It’s when we dream big dreams and fantasize about the great life ahead. Only we don’t want to move too far ahead, because then we’d no longer be young, fantasizing about the great life ahead. It’s kind of like Christmas. Everyone’s excited about the day leading up to it, but once it arrives the excitement is over and many people feel depressed. It seems that the hope and excitement of what is to come is so much better than when it comes. This may be why we romanticize the beginning of life but rarely the end, and there are few glorified images of what the end looks like. All the fairy tales end with “happily ever after” but it isn’t very descriptive and doesn’t leave an indelible mark in our minds.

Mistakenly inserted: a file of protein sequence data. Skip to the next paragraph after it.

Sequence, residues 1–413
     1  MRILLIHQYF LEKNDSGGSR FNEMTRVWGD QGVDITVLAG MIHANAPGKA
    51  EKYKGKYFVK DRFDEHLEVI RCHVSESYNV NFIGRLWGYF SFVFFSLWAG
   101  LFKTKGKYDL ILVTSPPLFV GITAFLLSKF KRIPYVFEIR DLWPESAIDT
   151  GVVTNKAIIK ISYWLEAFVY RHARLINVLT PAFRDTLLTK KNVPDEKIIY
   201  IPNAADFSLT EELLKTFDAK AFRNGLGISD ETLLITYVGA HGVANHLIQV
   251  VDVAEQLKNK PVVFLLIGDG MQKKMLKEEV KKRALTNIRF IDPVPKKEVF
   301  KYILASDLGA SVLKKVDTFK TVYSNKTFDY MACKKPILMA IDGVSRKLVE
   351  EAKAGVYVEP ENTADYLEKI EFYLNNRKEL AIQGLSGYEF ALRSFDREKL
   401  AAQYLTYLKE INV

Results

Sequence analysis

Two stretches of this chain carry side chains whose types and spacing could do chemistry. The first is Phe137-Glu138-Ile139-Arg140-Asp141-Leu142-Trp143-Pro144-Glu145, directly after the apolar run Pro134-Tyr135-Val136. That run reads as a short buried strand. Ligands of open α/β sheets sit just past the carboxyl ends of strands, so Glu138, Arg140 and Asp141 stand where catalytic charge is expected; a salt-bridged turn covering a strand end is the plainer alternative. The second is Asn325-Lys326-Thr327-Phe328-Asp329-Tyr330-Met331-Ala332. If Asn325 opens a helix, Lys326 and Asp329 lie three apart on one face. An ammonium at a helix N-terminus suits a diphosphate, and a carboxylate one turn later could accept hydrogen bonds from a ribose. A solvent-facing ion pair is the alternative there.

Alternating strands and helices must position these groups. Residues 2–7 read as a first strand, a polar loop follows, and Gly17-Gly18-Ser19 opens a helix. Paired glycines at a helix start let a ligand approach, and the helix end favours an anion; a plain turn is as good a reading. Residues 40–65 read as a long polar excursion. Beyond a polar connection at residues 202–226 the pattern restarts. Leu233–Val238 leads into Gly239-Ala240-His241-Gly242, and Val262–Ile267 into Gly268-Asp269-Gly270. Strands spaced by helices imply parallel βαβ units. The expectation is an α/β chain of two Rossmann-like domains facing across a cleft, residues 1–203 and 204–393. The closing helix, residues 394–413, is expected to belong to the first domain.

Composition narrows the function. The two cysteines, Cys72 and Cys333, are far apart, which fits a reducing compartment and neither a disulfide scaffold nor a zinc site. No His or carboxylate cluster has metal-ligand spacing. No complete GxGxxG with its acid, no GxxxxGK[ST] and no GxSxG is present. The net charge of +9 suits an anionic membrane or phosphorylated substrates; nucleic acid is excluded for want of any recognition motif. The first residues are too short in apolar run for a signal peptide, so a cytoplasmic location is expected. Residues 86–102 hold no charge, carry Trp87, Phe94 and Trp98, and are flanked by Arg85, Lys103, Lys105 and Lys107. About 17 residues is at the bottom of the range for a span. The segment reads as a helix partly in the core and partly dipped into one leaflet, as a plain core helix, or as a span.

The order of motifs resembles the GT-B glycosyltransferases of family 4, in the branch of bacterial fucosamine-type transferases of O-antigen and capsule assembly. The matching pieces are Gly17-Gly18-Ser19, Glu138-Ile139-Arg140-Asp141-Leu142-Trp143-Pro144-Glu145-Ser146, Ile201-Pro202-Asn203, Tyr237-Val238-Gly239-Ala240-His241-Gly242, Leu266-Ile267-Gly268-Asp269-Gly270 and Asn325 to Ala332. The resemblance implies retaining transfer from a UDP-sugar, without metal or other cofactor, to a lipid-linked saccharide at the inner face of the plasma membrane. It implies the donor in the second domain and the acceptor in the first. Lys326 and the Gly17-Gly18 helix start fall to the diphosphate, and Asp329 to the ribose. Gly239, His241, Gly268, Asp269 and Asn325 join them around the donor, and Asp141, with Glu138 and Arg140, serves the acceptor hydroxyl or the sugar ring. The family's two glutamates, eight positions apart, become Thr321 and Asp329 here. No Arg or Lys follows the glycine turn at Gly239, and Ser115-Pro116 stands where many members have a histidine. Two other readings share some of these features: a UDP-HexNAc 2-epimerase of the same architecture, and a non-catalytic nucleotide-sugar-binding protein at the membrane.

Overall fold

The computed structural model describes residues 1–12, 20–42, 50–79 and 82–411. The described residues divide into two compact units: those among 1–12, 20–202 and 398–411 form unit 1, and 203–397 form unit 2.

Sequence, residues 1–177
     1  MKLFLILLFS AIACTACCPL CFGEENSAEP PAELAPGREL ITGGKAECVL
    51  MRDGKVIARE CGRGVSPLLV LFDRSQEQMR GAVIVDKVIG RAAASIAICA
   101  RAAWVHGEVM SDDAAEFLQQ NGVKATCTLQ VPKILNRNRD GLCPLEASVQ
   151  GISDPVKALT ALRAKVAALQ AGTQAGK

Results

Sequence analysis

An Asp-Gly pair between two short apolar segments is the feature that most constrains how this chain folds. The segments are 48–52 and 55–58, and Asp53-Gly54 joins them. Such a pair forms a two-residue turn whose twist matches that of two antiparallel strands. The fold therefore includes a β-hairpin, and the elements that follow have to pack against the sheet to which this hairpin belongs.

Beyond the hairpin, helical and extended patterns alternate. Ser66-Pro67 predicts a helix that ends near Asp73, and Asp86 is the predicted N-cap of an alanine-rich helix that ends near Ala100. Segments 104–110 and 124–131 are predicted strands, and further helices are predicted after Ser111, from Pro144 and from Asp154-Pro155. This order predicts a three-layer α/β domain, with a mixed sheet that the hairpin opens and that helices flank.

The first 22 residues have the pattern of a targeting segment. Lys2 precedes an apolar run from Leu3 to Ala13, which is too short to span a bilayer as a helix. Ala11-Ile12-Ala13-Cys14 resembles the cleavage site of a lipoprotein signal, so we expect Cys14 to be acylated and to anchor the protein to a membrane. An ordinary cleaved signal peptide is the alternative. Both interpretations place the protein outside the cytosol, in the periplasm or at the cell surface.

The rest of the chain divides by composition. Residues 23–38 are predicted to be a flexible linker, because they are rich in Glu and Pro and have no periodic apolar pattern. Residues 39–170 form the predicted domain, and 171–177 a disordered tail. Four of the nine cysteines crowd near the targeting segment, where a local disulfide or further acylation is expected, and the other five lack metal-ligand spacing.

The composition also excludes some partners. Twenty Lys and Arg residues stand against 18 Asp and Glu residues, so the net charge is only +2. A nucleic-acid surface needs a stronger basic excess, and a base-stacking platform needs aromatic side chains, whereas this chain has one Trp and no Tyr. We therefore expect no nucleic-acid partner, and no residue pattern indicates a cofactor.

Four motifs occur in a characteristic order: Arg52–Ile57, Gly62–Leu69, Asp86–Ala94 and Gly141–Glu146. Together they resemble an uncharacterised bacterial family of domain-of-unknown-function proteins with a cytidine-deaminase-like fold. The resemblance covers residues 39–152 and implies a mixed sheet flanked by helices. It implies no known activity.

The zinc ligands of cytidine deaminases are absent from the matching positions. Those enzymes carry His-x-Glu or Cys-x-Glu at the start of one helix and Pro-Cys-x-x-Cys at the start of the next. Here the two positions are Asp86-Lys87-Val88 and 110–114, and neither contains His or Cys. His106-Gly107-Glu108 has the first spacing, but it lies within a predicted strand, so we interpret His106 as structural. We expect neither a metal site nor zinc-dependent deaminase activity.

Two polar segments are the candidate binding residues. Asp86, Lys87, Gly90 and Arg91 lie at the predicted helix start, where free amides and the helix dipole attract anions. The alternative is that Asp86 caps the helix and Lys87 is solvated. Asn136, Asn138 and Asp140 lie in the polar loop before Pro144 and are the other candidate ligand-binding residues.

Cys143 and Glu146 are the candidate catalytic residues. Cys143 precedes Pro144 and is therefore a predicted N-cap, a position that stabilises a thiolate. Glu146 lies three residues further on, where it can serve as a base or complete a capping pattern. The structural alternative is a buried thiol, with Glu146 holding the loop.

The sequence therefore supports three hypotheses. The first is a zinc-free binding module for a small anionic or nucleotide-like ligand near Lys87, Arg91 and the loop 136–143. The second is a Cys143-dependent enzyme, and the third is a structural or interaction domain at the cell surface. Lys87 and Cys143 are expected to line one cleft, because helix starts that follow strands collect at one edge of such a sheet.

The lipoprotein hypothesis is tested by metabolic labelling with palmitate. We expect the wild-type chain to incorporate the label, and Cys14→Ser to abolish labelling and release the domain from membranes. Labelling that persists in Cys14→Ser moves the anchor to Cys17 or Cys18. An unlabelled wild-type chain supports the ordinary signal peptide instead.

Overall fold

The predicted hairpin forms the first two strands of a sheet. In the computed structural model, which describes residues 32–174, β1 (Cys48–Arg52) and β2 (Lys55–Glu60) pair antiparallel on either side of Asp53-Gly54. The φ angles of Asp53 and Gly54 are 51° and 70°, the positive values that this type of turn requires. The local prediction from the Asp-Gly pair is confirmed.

So we try to stop the aging process, a process that’s been happening since birth. Only it’s biologically impossible to do. So instead, we disassociate ourselves from all things old. There’s a reason why the beauty industry, which entices us with the hope of eternal youth, is a booming business. I love beauty products as much as the next person, but it can be problematic when we are consuming products as a way to cope with the fear of aging.

Fear is never beautiful, and we can become so preoccupied with staying young that we spend much of our time and energy running away from a normal developmental process, and ironically miss our youth. That’s the problem with fear. It strips us of our lives.

That’s the problem with fear. It strips us of our lives… Live your life in such a way that your older self will thank you.